A day didn’t pass without the thought of Johnny. Looking through the books, Hector tried to find the one his friend was in. Last time he had journeyed into a bit of science fiction. Flipping through the pages the librarian finds this passage:
The aliens scatter. I check my watch, it’s still four hours till daybreak. Peering through the lazergun’s scope, I zoom in on the area they’re fleeing. Putting the rifle down, I slap my cheek. What did I just see?
“Sky!” I shout, pushing my earpiece in deeper.
“What’s wrong, Frank?”
“The aliens are retreating.”
“That’s good,” he says slowly. I hear his fevered typing over the intercom. “Cameras show they’re heading back into the wormhole. Good job.”
“Wasn’t me, Sky. They just started running.” He doesn’t say anything. “And when I looked, when I looked, well…I saw something.”
Skyler mutes the intercom. He must have just covered the mike with his hand, because I can still make out a few words. It sounds like: “Another sighting, Sir.”
“What’s going on?” I demand, “What is that thing?”
The colonel’s voice cuts in, “It’s exactly what it looks like, Solider.”
What did it look like? Taking up my rifle I again scan the area. He, or it, was coming towards me. Covered in metal, it resembled something like a knight with a glowing broadsword. I watch as it scans the area, turning its head from side to side.
Skylar’s voice interrupts my thoughts, “We don’t know what he is. It just came out of the wormhole two hours ago.”
The librarian smiles, replacing the cheap thriller. Surrounding the novel on all sides, books, completely fallen to the black malady, line the shelf. To Hector, they appear as mere pages of rotting mold, a collection of dust. Setting his fingers on the spine of, The Invasion from Outer Space, he lets a little light flow from himself. The librarian watches the gift seeping between the covers. That should give them a few more years, he thinks.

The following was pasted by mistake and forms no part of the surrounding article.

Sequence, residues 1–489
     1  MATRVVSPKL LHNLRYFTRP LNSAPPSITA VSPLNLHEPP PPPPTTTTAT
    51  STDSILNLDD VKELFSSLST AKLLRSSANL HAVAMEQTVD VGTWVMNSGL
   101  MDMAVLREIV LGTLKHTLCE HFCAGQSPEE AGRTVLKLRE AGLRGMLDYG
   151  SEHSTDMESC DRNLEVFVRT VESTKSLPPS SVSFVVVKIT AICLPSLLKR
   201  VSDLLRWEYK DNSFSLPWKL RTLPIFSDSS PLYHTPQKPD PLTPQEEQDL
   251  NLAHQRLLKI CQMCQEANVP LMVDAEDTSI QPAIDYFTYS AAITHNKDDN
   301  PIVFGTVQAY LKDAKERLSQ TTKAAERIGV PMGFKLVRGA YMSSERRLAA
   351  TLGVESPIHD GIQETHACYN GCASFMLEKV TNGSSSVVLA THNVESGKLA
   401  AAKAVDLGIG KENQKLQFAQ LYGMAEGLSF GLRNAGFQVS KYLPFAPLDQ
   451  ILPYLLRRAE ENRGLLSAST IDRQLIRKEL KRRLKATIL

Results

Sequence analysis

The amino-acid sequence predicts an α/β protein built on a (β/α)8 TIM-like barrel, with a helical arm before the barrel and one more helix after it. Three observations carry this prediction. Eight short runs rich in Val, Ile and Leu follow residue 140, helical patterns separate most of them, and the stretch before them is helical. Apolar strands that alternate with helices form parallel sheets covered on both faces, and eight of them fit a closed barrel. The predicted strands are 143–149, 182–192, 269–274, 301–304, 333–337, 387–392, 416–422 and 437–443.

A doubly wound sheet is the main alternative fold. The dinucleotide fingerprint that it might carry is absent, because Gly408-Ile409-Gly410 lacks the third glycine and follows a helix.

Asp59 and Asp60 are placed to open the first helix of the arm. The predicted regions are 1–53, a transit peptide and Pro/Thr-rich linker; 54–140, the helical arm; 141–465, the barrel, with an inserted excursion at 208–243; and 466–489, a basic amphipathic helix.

His eyes, skimming the rows of paperbacks, see nothing but rot. Where are you, Johnny? Hector’s heart skips a beat. Barely visible, a book held together by little more than a prayer, but still the spine clings to a few pages, a next to completely destroyed world remains.
Gently, he eases it from the shelf. Carrying the fragile pages to his desk, he sets the crinkled paper down. The cover is missing, so the genre is unknown. He clutches at his chin, holding back his tears. What a tragedy, he thinks. With a bit of light falling from his hands, he brings the faded text to life:
This is the tale of Amelia, and how I survived the end of the world. They say the gods look down from heaven, and from that throne justly bless and curse. I wonder now which I have suffered from their hand; Whether to count life, this lonely life, salvation or damnation.
My every morning to evening now, is but the same day. I prepare, they come, I survive. Before, when they took the cities, I hitched a ride with Zach. How could I tell you about Zach? In the fourth grade he took my new glasses and broke them. In the sixth he killed the class gerbil. At some point he was expelled.
Unfortunately, his mom lived in our building, so I still had the pleasure of his company. Zach was that kid nobody cared about jumping between divorced parents. Everybody knew he’d be karted off to jail when he was old enough. He would never amount to anything, that is, unless the dead started walking the earth.
So, even though he wasn’t the knight in shining armor I’d been dreaming of, he was the only familiar thing left in this hell, and what a devil he was.
Hector’s bony fingers, trembling from the effort, pour out their last drops of light onto the page. Sitting back in his chair, he wipes his brow. The rising falling chest slows as the librarian falls asleep. “Johnny,” he mumbles, “If you’re in there, get out.”
All the trees in this wood seem to be dying. The air is thick with ash, like that volcanic world he’d been to. Johnny extends his arms, examining himself. A mistake, his shoulder reminds him of his searing pain. Screaming, he collapses to the floor. His sight begins to blur. At least I’m not—what did they call me in that last world?—a robot, he remembers, drifting into unconsciousness.